Treating Anal Cancer Precursor Lesions Reduces Cancer Risk for People With HIV
Groundbreaking National Clinical Trial Halted Due to Therapy’s High Success Rates
Treating precursor anal cancer lesions can significantly reduce the risk of progression to full blown anal cancer among people living with HIV, according to results of a large, phase 3 study led by researchers at UC San Francisco.
In a randomized clinical trial with 4,446 participants, known as the Anal Cancer/HSIL Outcomes Research (ANCHOR) study, researchers found that by removing high-grade squamous intraepithelial lesions (HSIL), chances of progression to anal cancer were significantly reduced.
The trial is the first to show such findings and was performed at 21 clinical sites around the United States. Results are being prepared for peer-reviewed publication and are being shared now because of the public health importance of the findings.
The study caps decades of research into the history, prevention and treatment of anal cancer and its precursors. It also provides important information for developing standard of care guidelines for people at high risk of anal cancer, including screening for and treatment of anal HSIL, said lead investigator Joel Palefsky, MD, a professor of Medicine at UCSF.
“ANCHOR data show for the first time that, like cervical cancer, anal cancer can be prevented even in high-risk populations, such as people living with HIV, who often have HSIL that can be difficult to treat,” Palefsky said. “Although the study was performed in people living with HIV, the results suggest that anal cancer prevention could be similarly possible in other groups known to be at increased risk of anal cancer, including women with a history of vulvar or cervical cancer, men who have sex with men who are HIV-negative, and men and women who have immunosuppression for reasons other than HIV infection.”
Palefsky established the world’s first clinic devoted to anal cancer prevention in 1991 at UCSF. Now known as the UCSF Anal Neoplasia Clinic Research and Education Center, it is currently based at the UCSF Medical Center at Mount Zion in San Francisco.
In the study, people living with HIV aged 35 years and older who had the precursor lesion were randomized into two groups: treatment of the lesion or active monitoring of the lesion without treatment.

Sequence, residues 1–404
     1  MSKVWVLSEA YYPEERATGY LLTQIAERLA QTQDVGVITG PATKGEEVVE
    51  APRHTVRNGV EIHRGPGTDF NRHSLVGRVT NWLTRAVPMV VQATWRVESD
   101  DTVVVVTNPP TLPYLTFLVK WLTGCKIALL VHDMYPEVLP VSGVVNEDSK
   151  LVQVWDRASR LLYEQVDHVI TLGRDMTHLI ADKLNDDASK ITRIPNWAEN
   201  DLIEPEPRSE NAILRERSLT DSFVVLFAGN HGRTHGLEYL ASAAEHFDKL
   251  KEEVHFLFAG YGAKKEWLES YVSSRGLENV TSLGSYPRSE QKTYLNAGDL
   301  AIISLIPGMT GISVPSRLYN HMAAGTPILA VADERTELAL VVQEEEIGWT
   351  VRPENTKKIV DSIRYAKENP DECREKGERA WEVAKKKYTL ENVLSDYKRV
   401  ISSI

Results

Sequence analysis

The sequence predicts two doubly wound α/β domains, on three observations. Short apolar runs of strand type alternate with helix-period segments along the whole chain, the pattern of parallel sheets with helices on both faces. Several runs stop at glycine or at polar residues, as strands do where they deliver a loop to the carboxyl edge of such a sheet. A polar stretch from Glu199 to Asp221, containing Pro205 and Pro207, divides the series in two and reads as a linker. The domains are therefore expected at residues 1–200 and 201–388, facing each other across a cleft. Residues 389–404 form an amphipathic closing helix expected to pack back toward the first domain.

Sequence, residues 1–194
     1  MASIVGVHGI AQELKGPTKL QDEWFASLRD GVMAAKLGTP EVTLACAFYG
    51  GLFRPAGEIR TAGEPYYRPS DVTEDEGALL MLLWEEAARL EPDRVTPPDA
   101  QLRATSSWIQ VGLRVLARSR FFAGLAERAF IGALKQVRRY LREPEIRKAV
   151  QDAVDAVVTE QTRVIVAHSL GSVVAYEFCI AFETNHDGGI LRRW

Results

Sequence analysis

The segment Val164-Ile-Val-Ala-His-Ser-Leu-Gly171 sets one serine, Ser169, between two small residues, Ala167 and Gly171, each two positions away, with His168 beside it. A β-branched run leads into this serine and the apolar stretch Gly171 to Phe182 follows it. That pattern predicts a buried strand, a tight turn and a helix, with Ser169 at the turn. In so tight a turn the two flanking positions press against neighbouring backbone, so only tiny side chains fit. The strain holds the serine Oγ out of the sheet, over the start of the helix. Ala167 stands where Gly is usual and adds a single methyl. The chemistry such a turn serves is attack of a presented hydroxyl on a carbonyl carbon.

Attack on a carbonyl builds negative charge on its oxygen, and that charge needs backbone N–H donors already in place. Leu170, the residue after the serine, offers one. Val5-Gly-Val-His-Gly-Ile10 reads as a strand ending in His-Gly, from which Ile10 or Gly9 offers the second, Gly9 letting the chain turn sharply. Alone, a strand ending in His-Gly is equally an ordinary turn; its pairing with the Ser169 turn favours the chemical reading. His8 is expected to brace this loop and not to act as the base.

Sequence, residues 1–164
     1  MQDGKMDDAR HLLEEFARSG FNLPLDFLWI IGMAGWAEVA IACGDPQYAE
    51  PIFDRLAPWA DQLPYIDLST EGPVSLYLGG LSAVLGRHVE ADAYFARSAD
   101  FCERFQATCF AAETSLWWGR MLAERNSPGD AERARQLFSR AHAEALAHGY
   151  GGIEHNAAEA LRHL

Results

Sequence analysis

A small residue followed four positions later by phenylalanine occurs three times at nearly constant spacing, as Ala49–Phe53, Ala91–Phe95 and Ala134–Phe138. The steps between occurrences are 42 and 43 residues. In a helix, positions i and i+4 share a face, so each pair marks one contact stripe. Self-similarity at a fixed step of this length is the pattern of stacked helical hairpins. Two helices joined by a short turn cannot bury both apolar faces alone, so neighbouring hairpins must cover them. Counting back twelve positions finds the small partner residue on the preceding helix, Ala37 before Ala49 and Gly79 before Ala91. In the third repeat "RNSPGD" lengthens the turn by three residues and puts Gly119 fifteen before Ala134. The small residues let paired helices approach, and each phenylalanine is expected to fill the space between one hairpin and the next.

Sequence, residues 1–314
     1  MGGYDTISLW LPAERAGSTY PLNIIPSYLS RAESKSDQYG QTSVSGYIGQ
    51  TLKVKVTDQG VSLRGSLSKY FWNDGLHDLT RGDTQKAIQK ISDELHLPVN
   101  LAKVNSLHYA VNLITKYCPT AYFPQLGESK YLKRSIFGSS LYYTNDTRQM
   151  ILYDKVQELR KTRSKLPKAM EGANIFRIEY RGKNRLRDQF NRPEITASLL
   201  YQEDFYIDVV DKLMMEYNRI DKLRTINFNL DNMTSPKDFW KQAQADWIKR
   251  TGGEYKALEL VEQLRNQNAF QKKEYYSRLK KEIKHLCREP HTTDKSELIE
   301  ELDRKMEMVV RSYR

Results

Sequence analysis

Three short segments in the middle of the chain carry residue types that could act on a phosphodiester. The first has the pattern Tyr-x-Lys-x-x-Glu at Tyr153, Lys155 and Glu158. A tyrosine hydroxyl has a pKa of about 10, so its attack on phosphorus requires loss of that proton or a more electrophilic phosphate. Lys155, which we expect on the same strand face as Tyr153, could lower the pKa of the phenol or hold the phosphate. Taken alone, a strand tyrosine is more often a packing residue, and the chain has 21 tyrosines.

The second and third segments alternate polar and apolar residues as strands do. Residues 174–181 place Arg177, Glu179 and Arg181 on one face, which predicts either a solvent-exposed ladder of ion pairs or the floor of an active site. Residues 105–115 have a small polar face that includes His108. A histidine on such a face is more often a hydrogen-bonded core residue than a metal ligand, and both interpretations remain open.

Most often, treatment consisted of a technique performed in physician offices called hyfrecation (electrocautery), in which an electric current was targeted directly to areas of the HSIL to remove them. Participants were re-evaluated every three to six months, and rates of anal cancer were compared between the two groups.
The incidence of anal cancer is very high among people with HIV and is similar to cervical cancer: both have a strong association with human papillomavirus and are preceded by HSIL.
Cervical cancer prevention programs to find and treat cervical HSIL are the standard of care and highly effective in reducing the risk of developing cervical cancer. The investigators noted that the principal reason to consider HSIL treatment is to reduce the risk of developing anal cancer. The ANCHOR study will provide key information in guiding recommendations to make anal cancer prevention programs the standard of care for people at high risk of anal cancer.
The study was conducted through the National Cancer Institute’s (NCI’s) AIDS Malignancy Consortium, led by Palefsky and his team at UCSF. The University of Arkansas for Medical Sciences provided statistical support and contract research organization support was provided by The Emmes Company LLC.
Funding: The trial was sponsored by the National Cancer Institute’s Office of HIV and AIDS Malignancy (Grant number U01 CA121947.
About UCSF Health: UCSF Health is recognized worldwide for its innovative patient care, reflecting the latest medical knowledge, advanced technologies and pioneering research. It includes the flagship UCSF Medical Center, which is ranked among the top 10 hospitals nationwide, as well as UCSF Benioff Children’s Hospitals, with campuses in San Francisco and Oakland, Langley Porter Psychiatric Hospital and Clinics, UCSF Benioff Children’s Physicians and the UCSF Faculty Practice. These hospitals serve as the academic medical center of the University of California, San Francisco, which is world-renowned for its graduate-level health sciences education and biomedical research. UCSF Health has affiliations with hospitals and health organizations throughout the Bay Area. Visit http://www.ucsfhealth.org/.
About the AIDS Malignancy Consortium: AMC is a membership-based scientific organization supported by the National Cancer Institute, part of the National Institutes of Health, that designs and conducts cancer research among PLWH who have or are at risk of developing cancer. For more information please visit www.amcoperations.com.